Back in February, Steve Antonakes, the deputy director of the Consumer Financial Protection Bureau (CFPB), shocked the attendees at a mortgage servicing trade conference with a speech that painted servicers as being hostile to the needs of distressed homeowners and detrimental to the recovery of the housing market.
“I remain deeply disappointed by the lack of progress the mortgage servicing industry has made,” said the CFPB’s second banana to the surprised servicers in his audience. “We mean to end a failed process in which too many struggling homeowners have been kept in the dark about where they stand. American consumers deserve better; they are entitled to be treated with respect, dignity, and fairness.”
Well, guess what? American consumers that work with mortgage servicers are being “treated with respect, dignity, and fairness.” And how do I know this? Well, the CFPB itself confirmed this in its Consumer Response Annual Report, which was released last week.
Of course, the CFPB tried to spin this report into yet another example of its tiresome squawking of how the big, bad mortgage industry is doing running amok over the lives of homeowners. The bureau highlighted that 37% of the 163,700 complaints it received last year were related to mortgage issues, mostly on the servicing side. Of course, the fact that nearly two-thirds of the complaints received by the CFPB were not related to housing would seem to confirm that the agency is spending most of its time chasing mischief makers in non-housing industries.
Even more intriguing is that the approximately 59,000 complaints leveled against mortgage companies detail a very different picture than Antonakes’ bloviating over the “lack of progress the mortgage servicing industry has made.”
The CFPB found that 85% of the complaints it received last year were related to servicing issues – modifications, collections, escrow accounts. However, 77% of the complaints received by the CFPB regarding mortgage companies turned out to be without merit, and were closed with the consumer receiving a mere explanation of what was puzzling them. Only 2% of the total mortgage-related complaints resulted with monetary compensation for the consumer.
If that’s not enough, the CFPB received 31,000 debt collection complaints last year. Credit card loans made up 14% of the complaints, medical loans took up 8%, and payday loans were the source of 6%. Mortgage loan collections, in comparison, were a mere 2% – not exactly the epidemic of reckless behavior that Antonakes insisted in his February speech. Oddly enough, we don’t know what the majority of debt collections were for 2013: the CFPB claimed 39% of complaints fell into the “Other” category while 25% were in the “I Do Not Know” category. Wow, one-quarter of debt collection complaints were from people who had no idea what they were complaining about!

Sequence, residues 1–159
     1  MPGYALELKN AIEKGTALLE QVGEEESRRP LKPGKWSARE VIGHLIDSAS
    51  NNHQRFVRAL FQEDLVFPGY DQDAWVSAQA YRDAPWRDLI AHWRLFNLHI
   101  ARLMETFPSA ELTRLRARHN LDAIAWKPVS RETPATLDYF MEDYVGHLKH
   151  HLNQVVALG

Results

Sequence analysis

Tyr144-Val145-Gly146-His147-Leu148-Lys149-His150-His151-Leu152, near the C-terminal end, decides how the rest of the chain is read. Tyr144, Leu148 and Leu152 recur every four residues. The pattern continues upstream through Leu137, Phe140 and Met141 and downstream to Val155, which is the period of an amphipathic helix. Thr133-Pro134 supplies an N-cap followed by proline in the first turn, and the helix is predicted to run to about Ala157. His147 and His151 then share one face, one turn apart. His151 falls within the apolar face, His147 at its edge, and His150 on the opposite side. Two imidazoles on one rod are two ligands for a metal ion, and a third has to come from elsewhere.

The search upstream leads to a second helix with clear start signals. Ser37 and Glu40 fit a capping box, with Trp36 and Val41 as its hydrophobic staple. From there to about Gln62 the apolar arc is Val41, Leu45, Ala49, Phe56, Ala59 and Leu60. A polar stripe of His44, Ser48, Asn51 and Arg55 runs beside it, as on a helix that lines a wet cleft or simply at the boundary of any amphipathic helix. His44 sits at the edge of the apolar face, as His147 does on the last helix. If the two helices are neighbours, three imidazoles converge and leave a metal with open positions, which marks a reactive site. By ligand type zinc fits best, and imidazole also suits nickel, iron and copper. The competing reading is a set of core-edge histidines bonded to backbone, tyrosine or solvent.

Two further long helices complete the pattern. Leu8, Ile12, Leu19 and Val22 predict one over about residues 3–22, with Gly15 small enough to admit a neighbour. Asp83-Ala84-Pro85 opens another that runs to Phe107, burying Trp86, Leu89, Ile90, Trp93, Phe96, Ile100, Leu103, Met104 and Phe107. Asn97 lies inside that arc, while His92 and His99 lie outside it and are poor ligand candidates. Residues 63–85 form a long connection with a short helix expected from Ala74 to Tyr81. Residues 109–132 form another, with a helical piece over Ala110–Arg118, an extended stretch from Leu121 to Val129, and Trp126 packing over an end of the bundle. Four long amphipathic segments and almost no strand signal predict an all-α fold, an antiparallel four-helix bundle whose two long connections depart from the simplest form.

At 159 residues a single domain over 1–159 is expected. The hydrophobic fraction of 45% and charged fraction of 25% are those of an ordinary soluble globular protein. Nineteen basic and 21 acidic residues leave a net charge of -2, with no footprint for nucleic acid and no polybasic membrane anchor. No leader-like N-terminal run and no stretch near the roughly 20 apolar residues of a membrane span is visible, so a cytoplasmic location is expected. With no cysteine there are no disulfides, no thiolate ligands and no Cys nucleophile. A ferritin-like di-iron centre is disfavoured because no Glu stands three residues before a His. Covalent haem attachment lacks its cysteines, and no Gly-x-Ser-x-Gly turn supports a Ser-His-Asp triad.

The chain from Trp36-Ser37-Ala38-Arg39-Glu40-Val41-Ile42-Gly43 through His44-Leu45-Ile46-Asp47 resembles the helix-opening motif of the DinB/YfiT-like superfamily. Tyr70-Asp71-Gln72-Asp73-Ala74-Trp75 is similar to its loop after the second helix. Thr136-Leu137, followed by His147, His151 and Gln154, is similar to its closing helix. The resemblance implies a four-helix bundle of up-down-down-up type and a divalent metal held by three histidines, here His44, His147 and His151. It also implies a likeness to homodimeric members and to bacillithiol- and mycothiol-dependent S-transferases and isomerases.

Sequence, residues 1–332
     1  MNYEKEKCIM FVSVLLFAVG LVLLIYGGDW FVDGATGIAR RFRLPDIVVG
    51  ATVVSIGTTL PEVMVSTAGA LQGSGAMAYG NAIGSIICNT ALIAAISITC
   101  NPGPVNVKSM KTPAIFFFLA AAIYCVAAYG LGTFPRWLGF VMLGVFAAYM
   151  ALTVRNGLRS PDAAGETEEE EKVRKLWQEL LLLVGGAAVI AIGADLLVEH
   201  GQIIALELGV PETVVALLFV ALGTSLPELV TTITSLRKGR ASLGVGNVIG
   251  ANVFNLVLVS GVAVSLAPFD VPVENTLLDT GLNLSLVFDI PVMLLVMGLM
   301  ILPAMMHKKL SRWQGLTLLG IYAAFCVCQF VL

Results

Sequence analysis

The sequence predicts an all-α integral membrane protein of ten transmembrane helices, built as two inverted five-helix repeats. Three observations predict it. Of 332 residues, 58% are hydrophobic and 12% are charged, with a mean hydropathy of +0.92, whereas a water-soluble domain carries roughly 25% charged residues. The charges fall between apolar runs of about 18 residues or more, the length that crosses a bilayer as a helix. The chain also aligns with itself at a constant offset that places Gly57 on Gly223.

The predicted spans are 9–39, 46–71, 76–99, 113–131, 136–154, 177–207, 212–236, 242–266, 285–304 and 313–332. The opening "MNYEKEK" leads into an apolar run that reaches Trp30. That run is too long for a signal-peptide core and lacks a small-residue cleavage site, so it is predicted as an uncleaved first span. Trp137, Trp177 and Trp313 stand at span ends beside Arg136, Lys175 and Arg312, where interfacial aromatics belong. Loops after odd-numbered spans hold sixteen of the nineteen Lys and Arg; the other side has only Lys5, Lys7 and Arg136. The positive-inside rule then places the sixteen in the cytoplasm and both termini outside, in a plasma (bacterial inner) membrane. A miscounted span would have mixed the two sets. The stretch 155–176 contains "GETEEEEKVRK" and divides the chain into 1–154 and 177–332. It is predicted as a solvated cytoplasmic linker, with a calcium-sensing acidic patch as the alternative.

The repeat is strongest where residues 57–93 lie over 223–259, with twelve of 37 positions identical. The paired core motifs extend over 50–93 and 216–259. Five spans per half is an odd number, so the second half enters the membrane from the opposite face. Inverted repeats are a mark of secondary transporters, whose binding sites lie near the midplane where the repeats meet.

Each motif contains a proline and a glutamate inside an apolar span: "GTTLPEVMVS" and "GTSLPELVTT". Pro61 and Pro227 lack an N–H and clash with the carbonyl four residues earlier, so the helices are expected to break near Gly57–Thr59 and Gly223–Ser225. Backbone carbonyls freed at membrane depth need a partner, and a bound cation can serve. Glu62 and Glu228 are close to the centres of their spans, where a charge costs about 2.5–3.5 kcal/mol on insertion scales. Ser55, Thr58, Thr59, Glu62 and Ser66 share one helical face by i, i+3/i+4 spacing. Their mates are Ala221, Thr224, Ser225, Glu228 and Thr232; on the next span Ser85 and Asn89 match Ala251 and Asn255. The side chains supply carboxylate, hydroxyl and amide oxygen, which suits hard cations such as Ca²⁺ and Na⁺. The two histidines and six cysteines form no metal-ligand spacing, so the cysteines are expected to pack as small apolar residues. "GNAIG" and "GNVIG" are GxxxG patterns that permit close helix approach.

Despite the data that seemed to exonerate servicers, Antonakes has yet to admit that his sneers and jeers were unjustified. Even more disgusting is the possibility that Antonakes knew he was blowing smoke when he made that speech two months ago.
“Our nation’s mortgage servicers manage a debt portfolio of nearly $10 trillion for millions of American homeowners,” he said at the servicing conferencing, adding that the performance by mortgage servicers in charge of that portfolio represented a state of “continued sloppiness is difficult to comprehend and not acceptable.”
Unacceptable behavior that cannot be comprehended? Oh? This is coming from the number two person at a federal regulatory agency that refuses to make its meetings open to the public that finances its operations? This is coming from the second-in-command at an agency where the top executives (including Antonakes) absorb annual salaries that are higher than the annual salaries paid to Vice President Joe Biden and Supreme Court Chief Justice John Roberts?
The mortgage banking industry is being lectured on respect and dignity by the deputy director of an agency that has been charged by its own employees with racism within its personnel processes – and which refuses to explain these actions when called to testify before a hearing of the House of Representatives? And the mortgage world is being badgered on responsible behavior by the number two guy at an agency that hired the architects behind Dubai’s uber-luxurious Burj Khalifa skyscraper to redesign its headquarters?
The mortgage servicing industry was not responsible for the housing crisis that created the 2008 crash. And the men and women in the servicing world have worked long and hard to help people stay in their homes – since 2007, 6.5 million people have received loan modifications from the mortgage servicers that Antonakes badmouthed in his vile speech.
My advice to Antonakes is brief but blunt: shut up.
About The Author
Phil Hall has been (among other things) a United Nations-based radio journalist, the president of a public relations and marketing agency, a financial magazine editor, the author of six books and a horror movie actor. Also, as you will discover, he is not shy about stating his views.